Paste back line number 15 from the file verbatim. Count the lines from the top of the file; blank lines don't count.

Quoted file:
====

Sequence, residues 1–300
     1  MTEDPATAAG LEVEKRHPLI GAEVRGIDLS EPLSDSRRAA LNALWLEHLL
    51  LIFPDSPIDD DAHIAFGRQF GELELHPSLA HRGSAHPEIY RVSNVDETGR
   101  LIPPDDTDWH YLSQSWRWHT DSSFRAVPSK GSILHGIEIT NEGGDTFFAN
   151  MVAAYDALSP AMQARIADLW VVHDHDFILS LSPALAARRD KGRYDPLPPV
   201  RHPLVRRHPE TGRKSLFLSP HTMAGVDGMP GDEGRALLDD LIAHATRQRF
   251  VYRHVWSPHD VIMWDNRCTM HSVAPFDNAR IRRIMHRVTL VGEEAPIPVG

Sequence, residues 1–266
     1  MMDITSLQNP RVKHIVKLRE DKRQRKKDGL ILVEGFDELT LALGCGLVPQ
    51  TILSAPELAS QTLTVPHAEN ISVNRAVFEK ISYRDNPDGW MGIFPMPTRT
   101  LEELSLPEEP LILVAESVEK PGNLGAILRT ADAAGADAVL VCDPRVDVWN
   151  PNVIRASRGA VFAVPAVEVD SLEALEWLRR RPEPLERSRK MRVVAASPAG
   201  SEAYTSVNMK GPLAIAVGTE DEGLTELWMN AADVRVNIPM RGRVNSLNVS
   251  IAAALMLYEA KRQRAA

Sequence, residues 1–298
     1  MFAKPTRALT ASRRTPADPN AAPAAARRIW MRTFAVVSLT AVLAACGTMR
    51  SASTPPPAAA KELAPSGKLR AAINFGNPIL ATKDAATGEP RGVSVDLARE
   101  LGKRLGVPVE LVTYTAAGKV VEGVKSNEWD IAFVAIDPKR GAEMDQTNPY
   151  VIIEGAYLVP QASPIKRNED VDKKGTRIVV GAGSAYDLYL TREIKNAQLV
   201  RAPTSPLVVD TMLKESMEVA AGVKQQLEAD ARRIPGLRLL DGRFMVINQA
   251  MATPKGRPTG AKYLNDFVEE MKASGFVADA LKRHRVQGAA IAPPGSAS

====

Sequence, residues 1–298